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Mizzou AD Jim Sterk: Online classes shouldn't prevent college football season

Mizzou AD Jim Sterk: Online classes shouldn't prevent college football season

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Missouri Athletics Caravan at Ballpark Village

Missouri athletics director Jim Sterk speaks during a Mizzou athletics caravan stop at Ballpark Village on Friday, May 19, 2017, in St. Louis. (File photo by Chris Lee)

Missouri athletics director Jim Sterk held a Zoom media conference on Thursday to discuss the state of Mizzou sports and the coming football season.

The primary takeaway: Sterk pushed back — several times — on the notion that schools can only hold athletics events if all students are taking on-campus classes this fall.

NCAA president Mark Emmert made that point last week, saying, “You can’t have college sports if you don’t have college (campuses) open and having students on them. You don’t want to ever put student-athletes at greater risk than the rest of the student body.”

Speaking on the NCAA’s live Twitter station, Emmert said last Friday, “All of the commissioners and every president that I’ve talked to is in clear agreement: If you don’t have students on campus, you don’t have student-athletes on campus.”

Conference commissioners and athletics directors have since debunked that reasoning in various interviews. Sterk included.

“If campus is operational, we can have sports,” Sterk said. “Now, classes are a different matter. They may need to decide at an earlier date that they're going online or online with some classes and some students working in labs and those kinds of things. So it's not an all or none as far as if a school is online, it doesn't necessarily prevent athletic events from happening. Because if a campus is operational, then we could possibly have athletic events.”

Sterk later said it’s “a misinterpretation” to think if there’s no classes on campus then there’s no college football.

“Well, if there’s some classes and the campus is operational, then I think there can be football,” he said.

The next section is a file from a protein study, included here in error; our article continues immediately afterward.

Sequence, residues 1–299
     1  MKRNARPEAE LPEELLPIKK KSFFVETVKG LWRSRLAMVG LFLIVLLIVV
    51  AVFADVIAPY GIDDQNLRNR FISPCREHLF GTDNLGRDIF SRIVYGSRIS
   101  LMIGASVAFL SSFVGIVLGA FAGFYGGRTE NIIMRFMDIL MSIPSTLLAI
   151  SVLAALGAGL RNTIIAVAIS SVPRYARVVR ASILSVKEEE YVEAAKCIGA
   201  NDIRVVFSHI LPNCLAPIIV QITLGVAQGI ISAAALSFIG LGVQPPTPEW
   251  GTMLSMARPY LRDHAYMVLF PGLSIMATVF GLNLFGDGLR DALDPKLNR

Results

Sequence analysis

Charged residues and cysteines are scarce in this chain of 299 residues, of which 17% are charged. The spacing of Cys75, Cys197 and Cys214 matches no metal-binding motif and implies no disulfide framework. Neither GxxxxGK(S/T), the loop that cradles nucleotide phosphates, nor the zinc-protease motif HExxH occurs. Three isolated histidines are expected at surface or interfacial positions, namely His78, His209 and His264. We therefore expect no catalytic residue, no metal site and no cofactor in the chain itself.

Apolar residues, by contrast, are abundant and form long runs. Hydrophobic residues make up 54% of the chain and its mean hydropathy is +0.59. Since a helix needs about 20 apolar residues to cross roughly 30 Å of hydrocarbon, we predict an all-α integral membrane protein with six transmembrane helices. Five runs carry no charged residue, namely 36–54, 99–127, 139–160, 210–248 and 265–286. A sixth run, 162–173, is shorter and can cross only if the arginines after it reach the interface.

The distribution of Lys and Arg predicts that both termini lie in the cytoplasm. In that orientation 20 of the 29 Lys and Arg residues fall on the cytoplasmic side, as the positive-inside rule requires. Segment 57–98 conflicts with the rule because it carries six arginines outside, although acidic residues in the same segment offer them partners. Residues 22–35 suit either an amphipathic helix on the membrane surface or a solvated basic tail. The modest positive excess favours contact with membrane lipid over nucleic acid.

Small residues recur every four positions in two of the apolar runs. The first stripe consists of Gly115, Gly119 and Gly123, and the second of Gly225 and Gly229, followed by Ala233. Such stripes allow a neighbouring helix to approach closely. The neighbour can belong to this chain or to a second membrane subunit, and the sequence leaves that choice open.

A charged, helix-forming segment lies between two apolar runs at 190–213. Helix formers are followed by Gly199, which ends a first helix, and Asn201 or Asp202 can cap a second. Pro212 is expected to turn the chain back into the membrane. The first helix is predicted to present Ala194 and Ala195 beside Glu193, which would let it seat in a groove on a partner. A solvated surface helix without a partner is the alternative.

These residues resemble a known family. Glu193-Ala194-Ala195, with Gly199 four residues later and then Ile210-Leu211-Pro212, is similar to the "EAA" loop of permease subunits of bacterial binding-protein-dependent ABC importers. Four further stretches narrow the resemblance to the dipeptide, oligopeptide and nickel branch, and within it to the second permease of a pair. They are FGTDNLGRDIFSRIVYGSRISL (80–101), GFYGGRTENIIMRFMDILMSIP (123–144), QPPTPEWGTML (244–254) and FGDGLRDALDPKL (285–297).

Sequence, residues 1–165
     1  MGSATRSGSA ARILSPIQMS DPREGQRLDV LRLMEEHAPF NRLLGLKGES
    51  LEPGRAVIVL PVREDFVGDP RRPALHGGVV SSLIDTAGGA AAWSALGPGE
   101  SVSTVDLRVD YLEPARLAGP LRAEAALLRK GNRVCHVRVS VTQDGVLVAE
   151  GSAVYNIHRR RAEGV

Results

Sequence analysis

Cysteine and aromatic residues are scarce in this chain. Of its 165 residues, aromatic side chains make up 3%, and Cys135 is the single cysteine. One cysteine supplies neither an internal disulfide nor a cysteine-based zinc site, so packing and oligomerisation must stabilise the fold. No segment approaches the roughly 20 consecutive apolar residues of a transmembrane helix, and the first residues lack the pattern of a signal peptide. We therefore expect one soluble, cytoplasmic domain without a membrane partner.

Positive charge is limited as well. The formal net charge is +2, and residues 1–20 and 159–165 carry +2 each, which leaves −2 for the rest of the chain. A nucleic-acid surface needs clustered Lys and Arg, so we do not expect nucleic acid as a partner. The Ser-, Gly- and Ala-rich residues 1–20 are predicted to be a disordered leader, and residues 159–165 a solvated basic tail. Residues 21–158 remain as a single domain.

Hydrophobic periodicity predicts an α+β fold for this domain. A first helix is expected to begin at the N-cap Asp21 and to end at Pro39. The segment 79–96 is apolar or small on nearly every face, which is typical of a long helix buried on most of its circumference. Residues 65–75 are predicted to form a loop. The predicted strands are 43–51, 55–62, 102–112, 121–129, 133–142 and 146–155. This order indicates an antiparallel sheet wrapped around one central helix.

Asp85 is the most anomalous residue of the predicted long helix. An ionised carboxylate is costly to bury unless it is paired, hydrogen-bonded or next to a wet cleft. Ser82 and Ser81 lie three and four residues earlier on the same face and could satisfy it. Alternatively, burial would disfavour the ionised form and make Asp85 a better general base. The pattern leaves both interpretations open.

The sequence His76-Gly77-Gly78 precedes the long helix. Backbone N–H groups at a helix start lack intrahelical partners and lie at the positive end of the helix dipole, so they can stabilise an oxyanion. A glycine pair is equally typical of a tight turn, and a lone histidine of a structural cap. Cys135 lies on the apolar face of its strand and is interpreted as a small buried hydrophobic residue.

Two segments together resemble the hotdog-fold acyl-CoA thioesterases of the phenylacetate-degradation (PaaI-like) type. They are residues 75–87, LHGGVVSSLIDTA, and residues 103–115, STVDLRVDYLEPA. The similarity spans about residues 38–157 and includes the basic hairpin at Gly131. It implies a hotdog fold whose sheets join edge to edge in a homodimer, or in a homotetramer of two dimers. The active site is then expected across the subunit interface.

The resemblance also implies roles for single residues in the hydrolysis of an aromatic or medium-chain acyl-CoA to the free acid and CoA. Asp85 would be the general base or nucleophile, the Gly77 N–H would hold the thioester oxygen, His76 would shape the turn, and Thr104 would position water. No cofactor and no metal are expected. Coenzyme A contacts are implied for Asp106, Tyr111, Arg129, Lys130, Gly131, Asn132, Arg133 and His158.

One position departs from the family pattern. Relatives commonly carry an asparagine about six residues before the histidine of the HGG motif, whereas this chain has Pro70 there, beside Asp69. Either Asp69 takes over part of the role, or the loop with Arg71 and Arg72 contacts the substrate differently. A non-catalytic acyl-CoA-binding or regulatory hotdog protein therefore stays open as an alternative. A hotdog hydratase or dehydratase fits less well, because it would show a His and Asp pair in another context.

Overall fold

MU plans to gradually open its campus to employees in the coming weeks, interim chancellor Mun Choi announced Wednesday. Select employees will be eligible to return to campus May 20 in the first phase of an approach that will allow approved faculty, university leaders, staff and graduate students who perform on-site research to return to campus while adhering to safety measures. Choi said MU continues to take actions to have students on campus for the fall.

With so many comments from coaches, administrators and pundits flooding the media about the return of sports, Sterk doesn’t expect any firm decisions until midsummer.

“Anything of an opinion right now is a guess, and it's most likely to be wrong,” he said. “So we're going to wait. But it'll be the middle of July probably before anyone really makes a decision on the fall. So we've got a couple months yet to go and see where things are and then make the best decisions possible by that time.”

Other topics addressed….

Back to work

In Mizzou’s athletics department, Sterk and other administrators have returned to their offices, as has football coach Eliah Drinkwitz. The football team’s offensive staff has been meeting at the south end zone facility in the morning while the defensive staff meets in the afternoon. Sterk said employees must have their temperatures taken by members of the athletics training staff before they’re cleared to enter the building.

Once athletes return to the facilities, they’ll be monitored “at another level,” he said, “because they're going to be coming from different areas.”

“How long do we quarantine?,” he said. “Do we have everyone take a (COVID-19) test? We haven't determined all that yet. I'll take advice from the medical officials on the best way to do that.”

For now, athletes across the Southeastern Conference are prohibited from participating in any team activities at their facilities through May 31. Sterk said the SEC presidents and chancellors will decide on May 22 whether to lift the ban and open facilities on June 1 or extend the shutdown.